Bond yields in the oil sector have also spiked well above ultra-safe Treasuries. That spread has more than tripled since the beginning of the year, to 11 percentage points, according to S&P. Spreads in the oil sector are nearly twice as high as the next-closest industry (metals and mining) and they have surpassed the highs of the 2008 financial crisis.
“The entire sector is distressed,” Cutter said.
A number of other large companies are likely to fail in the oil sector in coming months.
Analysts say the obvious candidates are companies whose bonds are flashing red lights, including Chesapeake Energy (CHK), California Resources (CRC), Denbury Resources (DNR), Ultra Petroleum (UPLC) and Oasis Petroleum (OAS).
Even oil companies that recently had investment-grade credit ratings could come under pressure, including Devon Energy (DVN), Hess (HES) and former Bakken darling Continental Resources (CLR).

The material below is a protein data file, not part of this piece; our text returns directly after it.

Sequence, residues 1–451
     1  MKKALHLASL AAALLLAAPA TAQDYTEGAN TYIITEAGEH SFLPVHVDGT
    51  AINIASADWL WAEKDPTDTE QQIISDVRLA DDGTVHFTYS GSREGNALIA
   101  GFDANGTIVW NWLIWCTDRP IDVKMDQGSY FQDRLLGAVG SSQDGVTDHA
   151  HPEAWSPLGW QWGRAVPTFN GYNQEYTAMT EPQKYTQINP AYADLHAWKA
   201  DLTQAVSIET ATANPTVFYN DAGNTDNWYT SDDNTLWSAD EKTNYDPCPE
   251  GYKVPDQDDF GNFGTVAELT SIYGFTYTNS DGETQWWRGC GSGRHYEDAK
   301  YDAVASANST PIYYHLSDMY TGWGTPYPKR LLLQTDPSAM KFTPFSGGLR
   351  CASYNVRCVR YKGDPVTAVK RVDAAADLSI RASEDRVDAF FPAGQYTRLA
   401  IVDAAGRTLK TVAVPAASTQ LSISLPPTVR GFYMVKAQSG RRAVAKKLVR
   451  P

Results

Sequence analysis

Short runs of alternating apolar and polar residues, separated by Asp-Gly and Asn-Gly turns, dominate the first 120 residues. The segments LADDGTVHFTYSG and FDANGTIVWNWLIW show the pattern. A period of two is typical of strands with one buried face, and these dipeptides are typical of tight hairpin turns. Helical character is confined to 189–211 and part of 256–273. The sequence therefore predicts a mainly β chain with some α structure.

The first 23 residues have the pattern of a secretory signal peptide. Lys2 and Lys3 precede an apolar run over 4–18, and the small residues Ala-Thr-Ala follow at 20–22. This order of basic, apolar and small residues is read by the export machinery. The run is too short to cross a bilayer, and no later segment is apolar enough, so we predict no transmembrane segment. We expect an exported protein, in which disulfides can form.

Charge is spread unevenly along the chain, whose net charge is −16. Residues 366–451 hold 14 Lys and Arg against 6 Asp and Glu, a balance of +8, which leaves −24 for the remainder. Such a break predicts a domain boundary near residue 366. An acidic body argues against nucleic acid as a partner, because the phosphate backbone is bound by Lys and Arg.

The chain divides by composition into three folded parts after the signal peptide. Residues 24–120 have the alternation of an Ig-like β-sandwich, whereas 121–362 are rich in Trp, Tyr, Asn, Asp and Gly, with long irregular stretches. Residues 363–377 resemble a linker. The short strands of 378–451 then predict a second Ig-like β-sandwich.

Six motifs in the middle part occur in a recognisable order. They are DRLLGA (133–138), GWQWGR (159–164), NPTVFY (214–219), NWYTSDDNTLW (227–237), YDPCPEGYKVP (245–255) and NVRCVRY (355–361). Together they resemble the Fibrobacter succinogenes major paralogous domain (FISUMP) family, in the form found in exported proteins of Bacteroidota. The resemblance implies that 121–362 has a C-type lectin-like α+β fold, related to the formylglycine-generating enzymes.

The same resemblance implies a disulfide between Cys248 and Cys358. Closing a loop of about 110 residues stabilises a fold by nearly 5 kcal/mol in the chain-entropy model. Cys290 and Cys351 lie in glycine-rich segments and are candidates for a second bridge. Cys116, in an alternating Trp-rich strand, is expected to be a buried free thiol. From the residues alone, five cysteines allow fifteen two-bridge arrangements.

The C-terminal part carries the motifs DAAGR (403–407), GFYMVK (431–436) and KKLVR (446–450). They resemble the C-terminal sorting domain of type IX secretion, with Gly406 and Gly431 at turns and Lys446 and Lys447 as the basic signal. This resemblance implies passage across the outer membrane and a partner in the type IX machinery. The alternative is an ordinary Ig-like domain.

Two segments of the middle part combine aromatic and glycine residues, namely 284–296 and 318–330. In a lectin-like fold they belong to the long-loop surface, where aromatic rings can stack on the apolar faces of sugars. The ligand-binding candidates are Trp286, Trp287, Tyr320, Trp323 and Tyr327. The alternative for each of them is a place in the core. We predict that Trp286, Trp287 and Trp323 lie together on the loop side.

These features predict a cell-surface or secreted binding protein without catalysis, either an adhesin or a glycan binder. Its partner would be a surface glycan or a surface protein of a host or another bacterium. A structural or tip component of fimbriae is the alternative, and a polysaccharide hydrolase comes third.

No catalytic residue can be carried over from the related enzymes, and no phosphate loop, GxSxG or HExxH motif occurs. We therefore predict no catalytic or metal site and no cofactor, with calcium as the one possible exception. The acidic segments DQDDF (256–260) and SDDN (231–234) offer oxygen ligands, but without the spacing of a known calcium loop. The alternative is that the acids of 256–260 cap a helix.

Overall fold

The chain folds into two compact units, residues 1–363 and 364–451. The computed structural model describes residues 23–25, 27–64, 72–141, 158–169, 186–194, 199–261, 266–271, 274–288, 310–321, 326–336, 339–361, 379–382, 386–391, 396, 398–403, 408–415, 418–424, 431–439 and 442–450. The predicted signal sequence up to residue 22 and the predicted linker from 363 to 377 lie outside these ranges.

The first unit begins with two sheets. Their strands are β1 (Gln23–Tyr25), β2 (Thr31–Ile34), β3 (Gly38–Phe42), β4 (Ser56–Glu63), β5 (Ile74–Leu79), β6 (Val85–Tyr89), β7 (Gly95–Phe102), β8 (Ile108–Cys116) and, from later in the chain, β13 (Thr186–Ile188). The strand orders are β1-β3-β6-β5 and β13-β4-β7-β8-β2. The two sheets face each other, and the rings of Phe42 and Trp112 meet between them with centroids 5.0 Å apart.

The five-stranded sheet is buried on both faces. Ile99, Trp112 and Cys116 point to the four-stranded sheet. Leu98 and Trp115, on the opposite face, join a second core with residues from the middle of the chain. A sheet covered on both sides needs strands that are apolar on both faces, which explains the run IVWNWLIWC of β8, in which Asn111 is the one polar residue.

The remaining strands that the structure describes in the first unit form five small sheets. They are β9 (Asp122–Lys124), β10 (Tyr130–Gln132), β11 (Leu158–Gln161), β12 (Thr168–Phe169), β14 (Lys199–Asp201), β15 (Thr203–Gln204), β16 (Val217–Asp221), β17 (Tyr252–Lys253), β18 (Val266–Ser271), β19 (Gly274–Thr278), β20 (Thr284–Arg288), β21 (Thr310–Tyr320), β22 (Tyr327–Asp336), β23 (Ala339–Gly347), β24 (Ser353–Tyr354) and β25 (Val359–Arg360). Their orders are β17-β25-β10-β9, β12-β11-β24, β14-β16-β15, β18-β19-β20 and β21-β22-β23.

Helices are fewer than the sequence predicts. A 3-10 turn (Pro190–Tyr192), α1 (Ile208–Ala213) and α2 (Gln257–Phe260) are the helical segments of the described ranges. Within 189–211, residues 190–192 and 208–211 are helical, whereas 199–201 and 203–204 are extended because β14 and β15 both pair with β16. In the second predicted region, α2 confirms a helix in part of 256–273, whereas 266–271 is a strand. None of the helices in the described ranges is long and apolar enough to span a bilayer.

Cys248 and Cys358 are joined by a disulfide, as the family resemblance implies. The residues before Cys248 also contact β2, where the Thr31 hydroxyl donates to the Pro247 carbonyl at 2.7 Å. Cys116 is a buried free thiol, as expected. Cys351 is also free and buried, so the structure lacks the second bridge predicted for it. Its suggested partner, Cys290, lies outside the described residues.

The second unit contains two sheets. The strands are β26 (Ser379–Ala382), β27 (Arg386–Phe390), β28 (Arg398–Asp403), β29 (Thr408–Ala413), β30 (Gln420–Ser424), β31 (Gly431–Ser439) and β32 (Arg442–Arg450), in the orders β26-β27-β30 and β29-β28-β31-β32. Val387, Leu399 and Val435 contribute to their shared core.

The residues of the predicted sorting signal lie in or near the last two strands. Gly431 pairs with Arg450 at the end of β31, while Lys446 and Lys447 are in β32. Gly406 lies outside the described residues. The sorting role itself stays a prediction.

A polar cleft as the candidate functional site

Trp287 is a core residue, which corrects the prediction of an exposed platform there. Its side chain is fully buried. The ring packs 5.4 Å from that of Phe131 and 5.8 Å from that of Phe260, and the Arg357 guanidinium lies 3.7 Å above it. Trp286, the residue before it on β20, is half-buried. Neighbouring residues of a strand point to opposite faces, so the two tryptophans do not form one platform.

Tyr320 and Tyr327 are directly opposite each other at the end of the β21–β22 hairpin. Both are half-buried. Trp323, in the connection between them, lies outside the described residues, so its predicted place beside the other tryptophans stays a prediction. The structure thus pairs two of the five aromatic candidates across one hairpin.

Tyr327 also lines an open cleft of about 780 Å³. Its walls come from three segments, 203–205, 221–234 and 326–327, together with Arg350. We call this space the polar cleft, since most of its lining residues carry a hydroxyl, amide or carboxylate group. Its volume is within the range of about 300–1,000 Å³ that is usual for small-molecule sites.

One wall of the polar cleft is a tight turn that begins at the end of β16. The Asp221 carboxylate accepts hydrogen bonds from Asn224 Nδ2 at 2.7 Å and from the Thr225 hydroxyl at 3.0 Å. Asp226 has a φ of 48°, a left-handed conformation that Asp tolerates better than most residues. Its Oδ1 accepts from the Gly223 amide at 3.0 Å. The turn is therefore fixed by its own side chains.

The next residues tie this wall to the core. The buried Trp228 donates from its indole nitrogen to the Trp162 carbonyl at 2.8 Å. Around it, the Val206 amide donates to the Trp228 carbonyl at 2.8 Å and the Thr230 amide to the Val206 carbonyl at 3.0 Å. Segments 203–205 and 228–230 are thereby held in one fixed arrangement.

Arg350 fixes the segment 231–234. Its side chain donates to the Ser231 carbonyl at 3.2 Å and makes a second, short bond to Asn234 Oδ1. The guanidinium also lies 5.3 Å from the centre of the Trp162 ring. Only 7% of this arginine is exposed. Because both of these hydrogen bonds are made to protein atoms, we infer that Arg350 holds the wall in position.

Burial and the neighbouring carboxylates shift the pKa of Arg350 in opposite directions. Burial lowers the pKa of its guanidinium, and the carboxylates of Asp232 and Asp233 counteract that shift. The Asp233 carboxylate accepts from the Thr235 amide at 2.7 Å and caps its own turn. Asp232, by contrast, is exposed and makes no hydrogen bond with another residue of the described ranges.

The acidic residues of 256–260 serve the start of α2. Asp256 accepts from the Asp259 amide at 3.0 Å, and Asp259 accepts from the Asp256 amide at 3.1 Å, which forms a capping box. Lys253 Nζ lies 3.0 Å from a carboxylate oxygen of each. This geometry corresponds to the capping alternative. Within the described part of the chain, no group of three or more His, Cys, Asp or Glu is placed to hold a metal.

Even Occidental Petroleum (OXY), the shale giant backed by legendary investor Warren Buffett, is grappling with heavy debt incurred by its ill-timed takeover last year of Anadarko Petroleum. Occidental’s debt rating suffered a rare triple downgrade by Fitch Ratings last month.
Occidental has cut its dividend by 86%, slashed spending, instituted pay cuts and installed a new chairman.
Survival of the fittest
The key to surviving this downturn will be how long oil prices stay below $40 a barrel.
A rapid rally, perhaps driven by a V-shaped economic recovery, would allow many struggling oil companies to get back on their feet.
But a sustained downturn in prices will be catastrophic for many oil companies. Unlike the 2014-2016 oil crash, some oil companies that file for Chapter 11 may not attract the financing needed to emerge from bankruptcy.
If that happens, the oil assets won’t die. They would get scooped up at basement prices by whatever oil companies are left standing.
The silver lining, if there is one, is that the latest oil crash could bring about a much-needed cleansing in a terribly inefficient industry.
“There have been too many weak companies hanging on for too long,” said Jeff Wyll, senior energy analyst at Neuberger Berman.
It sounds oxymoronic, but a wave of bankruptcies could be just what’s needed for America’s oil industry to emerge stronger and more resilient.